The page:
By Andrew Osmond.
Mamoru Hosoda’s Oscar-nominated film Mirai is a time-travel fantasy that might look like Hosoda’s own journey into his past. After all, his breakout film was another time-travel yarn. But whereas 2006’s The Girl Who Leapt Through Time featured a familiar kind of anime protagonist – a mishap-prone schoolgirl with some confused feelings about boys – Mirai’s hero is more unusual. He’s a boy called Kun, and he’s all of four years old.
Kun is a typically boisterous toddler. He’s curious, energetic and cheery with a chance of squalling tantrums. As the story opens, Kun is about to face his first profound existential crisis. He’s no longer the only baby in his family. Suddenly, he’s gained a little sister, and she’s usurped his place as the coddled centre of his parents’ attention. Kun’s reaction is thermonuclear jealousy, until something magical happens and he finds himself meeting travellers in time, and embarking on his own journey.
The adventures that follow will give the four-year-old a fourth-dimensional perspective on his family. He’ll meet his great-grandpa as a young man, his mother as a child, and his pesky baby sibling all grown up as a big sister. The sister’s name is Mirai, incidentally, which means “future” in Japanese. She’s voiced by Haru Kuroki in her third Hosoda role; she was previously the wolf-girl Yuki (as an adolescent) in Wolf Children, and the child version of the troubled boar-boy in Boy and the Beast,
But Mirai is Kun’s story, about a little boy who’s meeting big ideas. Kun realises he’s part of a cycle, binding him with people who come both before and after his birth. “As our lives basically repeat themselves,” Hosoda confesses, “what is passed down from generation to generation, from our parents to us and us to our kids, but the eternal continuity of existence? Through a house, a garden and an ordinary family, I wanted to evoke the great cycle of existence and this circle of life that we all weave, individually.”
Of course, Hosoda is not new to family stories. The subject has become his motif, as recognisable to fans as the painfully separated lovers in the work of Makoto Shinkai. Hosoda’s family relationships run from the bond between the girl and her wise “Aunt Witch” in Girl Who Leapt; through the rambunctious in-laws of Summer Wars and the determinedly smiling mother of werewolves in Wolf Children; to the Jungle Book-style adoption in Boy and the Beast.
These films closely reflect Hosoda’s life. Summer Wars drew on his experience of getting married and gaining in-laws. Wolf Children was his tribute to his mother, Boy and the Beast his message to his new child. It’s no surprise to learn that Hosoda has had a second baby since. “Our eldest one got the impression that this new baby stole her parents, which made her ferociously jealous,” Hosoda told the trade paper Variety.
“Each project allows me to develop, to show something new, while at the same time staying coherent with my previous films,” Hosoda continued. “This is because I share my life with very young children. The experience gives me the sensation of finding back my own childhood… How life repeats itself, how lives and time overlay one another. There is this flow of life and time in my new film.”
Some of Mirai’s elements have precedents in animation. Time-travelling family members have been a much-imitated trope since 1992’s Mama is a Fourth Grader, which sent a girl called Mirai back in time to pester her mother-to-be. It unexpectedly won Japan’s top science fiction award, the Seiun, and was a clear influence on the later Sailor Moon. More recently, two anime films by Hiromasa Yonebayashi, When Marnie was There and Mary and the Witch’s Flower, have young girls magically connecting with their relatives in other timeframes and realising that everyone was young once. Mai Mai Miracle by Sunao Katabuchi has a child coming to a similar awareness, via her obsession with a girl from a millennium ago. There’s also a rather forgotten Disney CG cartoon, 2007’s Meet the Robinsons, which has a boy meeting his (future) relatives through time travel.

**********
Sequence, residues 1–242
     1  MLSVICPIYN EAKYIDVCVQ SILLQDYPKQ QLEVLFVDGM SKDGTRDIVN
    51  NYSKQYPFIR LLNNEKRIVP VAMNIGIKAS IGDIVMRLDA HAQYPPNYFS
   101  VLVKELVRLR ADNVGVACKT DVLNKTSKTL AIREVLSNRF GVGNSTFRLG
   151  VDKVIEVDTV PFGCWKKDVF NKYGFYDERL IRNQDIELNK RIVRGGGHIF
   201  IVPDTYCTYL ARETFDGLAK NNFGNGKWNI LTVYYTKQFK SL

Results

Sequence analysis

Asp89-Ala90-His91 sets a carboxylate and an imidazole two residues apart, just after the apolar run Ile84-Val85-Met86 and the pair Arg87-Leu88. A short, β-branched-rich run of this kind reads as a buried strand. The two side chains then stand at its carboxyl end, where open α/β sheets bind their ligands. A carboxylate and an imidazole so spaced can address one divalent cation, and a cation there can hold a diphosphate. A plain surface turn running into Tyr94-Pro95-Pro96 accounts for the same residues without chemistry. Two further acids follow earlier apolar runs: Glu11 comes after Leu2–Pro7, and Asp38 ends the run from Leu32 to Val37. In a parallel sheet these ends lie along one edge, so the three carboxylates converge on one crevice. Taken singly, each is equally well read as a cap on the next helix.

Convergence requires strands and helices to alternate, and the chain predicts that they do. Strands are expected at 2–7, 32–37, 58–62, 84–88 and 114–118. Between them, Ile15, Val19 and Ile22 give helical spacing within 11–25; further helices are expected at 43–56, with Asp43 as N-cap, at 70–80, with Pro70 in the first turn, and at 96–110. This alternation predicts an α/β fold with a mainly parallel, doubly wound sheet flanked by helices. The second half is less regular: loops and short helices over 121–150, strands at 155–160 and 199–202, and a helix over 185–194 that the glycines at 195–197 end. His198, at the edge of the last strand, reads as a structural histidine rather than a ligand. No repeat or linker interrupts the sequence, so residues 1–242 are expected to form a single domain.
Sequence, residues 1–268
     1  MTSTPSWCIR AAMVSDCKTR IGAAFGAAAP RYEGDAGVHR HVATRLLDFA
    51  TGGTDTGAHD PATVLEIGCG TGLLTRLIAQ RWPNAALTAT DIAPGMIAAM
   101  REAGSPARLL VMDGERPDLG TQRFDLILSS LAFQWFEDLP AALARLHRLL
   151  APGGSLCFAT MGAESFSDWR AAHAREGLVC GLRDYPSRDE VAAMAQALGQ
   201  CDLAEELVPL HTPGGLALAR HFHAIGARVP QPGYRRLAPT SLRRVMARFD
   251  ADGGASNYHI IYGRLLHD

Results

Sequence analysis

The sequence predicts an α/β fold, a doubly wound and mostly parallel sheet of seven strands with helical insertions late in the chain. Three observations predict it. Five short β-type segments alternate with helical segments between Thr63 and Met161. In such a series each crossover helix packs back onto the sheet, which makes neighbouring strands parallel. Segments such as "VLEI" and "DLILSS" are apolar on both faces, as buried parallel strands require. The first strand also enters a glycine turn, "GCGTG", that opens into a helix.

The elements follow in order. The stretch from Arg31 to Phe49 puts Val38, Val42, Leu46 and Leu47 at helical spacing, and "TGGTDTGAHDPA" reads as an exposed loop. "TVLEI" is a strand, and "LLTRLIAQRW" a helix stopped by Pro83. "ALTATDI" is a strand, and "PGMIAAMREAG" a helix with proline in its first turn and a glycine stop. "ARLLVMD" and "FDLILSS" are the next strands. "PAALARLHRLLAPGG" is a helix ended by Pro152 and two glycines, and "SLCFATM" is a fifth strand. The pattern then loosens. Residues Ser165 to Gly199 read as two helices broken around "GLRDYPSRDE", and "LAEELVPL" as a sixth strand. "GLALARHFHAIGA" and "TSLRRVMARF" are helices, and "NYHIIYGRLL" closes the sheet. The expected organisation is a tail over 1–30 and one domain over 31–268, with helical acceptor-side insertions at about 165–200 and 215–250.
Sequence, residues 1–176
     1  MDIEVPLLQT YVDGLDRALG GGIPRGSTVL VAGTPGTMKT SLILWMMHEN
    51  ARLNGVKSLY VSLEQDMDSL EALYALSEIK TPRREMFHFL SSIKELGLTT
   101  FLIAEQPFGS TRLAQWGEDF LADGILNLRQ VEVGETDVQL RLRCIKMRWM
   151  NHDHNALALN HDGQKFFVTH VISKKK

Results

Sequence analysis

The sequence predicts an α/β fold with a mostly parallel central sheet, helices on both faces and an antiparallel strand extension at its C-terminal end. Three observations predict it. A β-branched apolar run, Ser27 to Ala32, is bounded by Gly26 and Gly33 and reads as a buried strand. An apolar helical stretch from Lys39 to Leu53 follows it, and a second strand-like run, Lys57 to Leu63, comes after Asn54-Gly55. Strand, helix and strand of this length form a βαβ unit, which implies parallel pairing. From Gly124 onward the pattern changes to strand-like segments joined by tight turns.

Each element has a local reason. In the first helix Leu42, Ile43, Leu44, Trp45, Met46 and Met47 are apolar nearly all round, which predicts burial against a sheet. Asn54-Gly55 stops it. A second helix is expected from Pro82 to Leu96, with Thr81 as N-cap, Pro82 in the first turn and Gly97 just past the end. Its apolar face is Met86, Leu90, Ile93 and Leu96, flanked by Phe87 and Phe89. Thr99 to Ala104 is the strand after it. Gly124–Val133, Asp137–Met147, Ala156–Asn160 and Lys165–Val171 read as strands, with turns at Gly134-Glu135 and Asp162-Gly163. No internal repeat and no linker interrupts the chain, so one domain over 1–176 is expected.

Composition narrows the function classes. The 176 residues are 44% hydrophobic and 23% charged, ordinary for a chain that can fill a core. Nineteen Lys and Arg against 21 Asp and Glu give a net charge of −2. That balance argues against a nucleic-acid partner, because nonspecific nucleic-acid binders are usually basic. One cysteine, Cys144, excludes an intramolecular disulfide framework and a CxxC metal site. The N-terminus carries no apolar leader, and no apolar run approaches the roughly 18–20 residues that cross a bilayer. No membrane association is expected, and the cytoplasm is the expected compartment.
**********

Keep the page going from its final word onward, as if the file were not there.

Mirai also has touches of other fantasies, such as a sequence set in a train station – a fascinating but scary place for children – that turns surreal and menacing, in the tradition of terrifying old Hollywood cartoons like Disney’s Pinocchio. In a lighter vein, some “furry” cartoon humour in Mirai, including a dashing prince who represents a certain non-human member of Kun’s family, can’t help recall the wolf/tyke transformations in Hosoda’s own Wolf Children.
But despite its fantasy, Mirai is strongly rooted in a very specific setting – Kun’s unusual family home. The building was so important that it was designed for the film by a professional architect. According to the press notes, “the architect worked on the project as though he were planning an actual house, carefully studying the space, light and materials. This resulted in a house that is neither typically Japanese nor Western, one more akin to a theatre stage with its succession of landings and absence of partitions.” In short, this is a house as a four year-old might see it.
“As Kun experiences wild adventures with his sister from the future (his baby sister all grown up), his feelings start changing,” Hosoda says. “By the end of the film, his relationship to Mirai has evolved.” The director adds that although Mirai may not be a sensational film in appearance, it still carries Hosoda’s deep personal ambition. “I want to encourage children from all over the world,” he says, “and to celebrate what they’re going to become.”
Andrew Osmond is the author of 100 Animated Feature Films.
Mirai is released in the UK by Anime Limited.